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About Christopher McKittrick
Christopher McKittrick is a published author of fiction and non-fiction and a contributor to entertainment websites. Christopher and his work have been quoted in The Wall Street Journal, The New York Times, Observer, Newsday, USAToday.com, CNBC.com, Time.com, RollingStone.com, and dozens of entertainment and news websites. He has also appeared on television on HLN’s How It Really Happened and has been interviewed on several podcasts and radio shows, including WOR Tonight on WOR, The Lisa Show on BYU Radio and Warren in the Morning on WKNY.
For more information, visit his website at www.chrismckit.com
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When Tom Petty arrived in Los Angeles in 1974 in search of a record deal for his band Mudcrutch, the Gainesville, Florida native found one almost immediately. While he thought he had found exactly what he was looking for in L.A., it would take years for Petty and his subsequent band, the Heartbreakers, to break onto the pop charts. Within the following two decades, Petty would stay planted in Los Angeles through chart-topping albums, battles with record labels, personal struggles, collaborations with rock and roll royalty, and even an arsonist burning down his home in the San Fernando Valley.
From the earliest Heartbreakers concerts in Los Angeles at the legendary Whisky a Go Go and the Santa Monica Civic Auditorium, to the band’s final concerts at the iconic Hollywood Bowl, Petty aimed to continue the tradition of the Southern California rock and roll of his musical heroes like the Byrds and Buffalo Springfield in his own fashion. At the same time, Petty’s career often coincided with seismic shifts in the music business, indicated by Petty’s famous refusal to back down in the face of label management, industry conventions, and the changing courses of platforms that helped make him a superstar, like rock radio and MTV.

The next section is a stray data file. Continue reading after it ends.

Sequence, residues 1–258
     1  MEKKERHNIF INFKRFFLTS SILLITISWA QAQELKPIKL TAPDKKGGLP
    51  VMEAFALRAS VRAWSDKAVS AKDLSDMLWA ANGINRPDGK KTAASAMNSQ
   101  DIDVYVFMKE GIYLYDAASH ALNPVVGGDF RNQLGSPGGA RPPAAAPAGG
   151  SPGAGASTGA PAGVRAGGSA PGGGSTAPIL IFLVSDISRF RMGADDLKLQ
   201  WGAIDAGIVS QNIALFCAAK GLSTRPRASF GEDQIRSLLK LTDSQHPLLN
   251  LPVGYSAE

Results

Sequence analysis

Somewhere You Feel Free: Tom Petty and Los Angeles explores the artistic life of Tom Petty through his career-long relationship with Los Angeles and the many colorful characters and venues that inspired him and his music—including his work with George Harrison, Bob Dylan, Stevie Nicks, Johnny Cash, Roger McGuinn, Leon Russell, Rick Rubin, and Del Shannon.
When the Rolling Stones first arrived at JFK Airport in June 1964, they hadn’t even had a hit record in America. By the end of the decade, they were mobbed by packed audiences at Madison Square Garden and were the toast of New York City’s media and celebrity scene.
More than fifty years later, the history of New York City and the Rolling Stones have entwined and paralleled, with the group playing in nearly all of the Big Apple’s legendary venues. Along the way Mick Jagger, Keith Richards, and the rest of the Stones have left an impact on the culture of the city, from the turbulent “Fun City” of the 1960s and ’70s through the twenty-first century. The evolving career of the Stones has often reflected the cultural changes of the city, as the Stones and their music were the center of social and political controversies during the same era that New York faced similar challenges.
Can’t Give It Away on Seventh Avenue: The Rolling Stones and New York City explores the history of the group through the prism of New York. It is a highly detailed document of the dynamic and reciprocal relationship between the world’s most famous band and America’s most famous city as well as an absorbing chronicle of the remarkable impact the city has had on the band’s music and career.
As an approaching late season tropical storm engulfs the seaside resort town, he considers the roots of his once-close family and his loss of connection with them, especially since the death of his father a year ago. He meets others who are also sitting out the storm and tries to find a human connection with each of them while he refuses to stop trying to fulfill his unrealized dream of climbing the steps of the famous Montauk Lighthouse.
Alternately humorous and poignant, Montauk reflects the unsettled feeling of growing up in the suburbs and the career aimlessness of post-college life in a narrative though is relatable to readers of any background.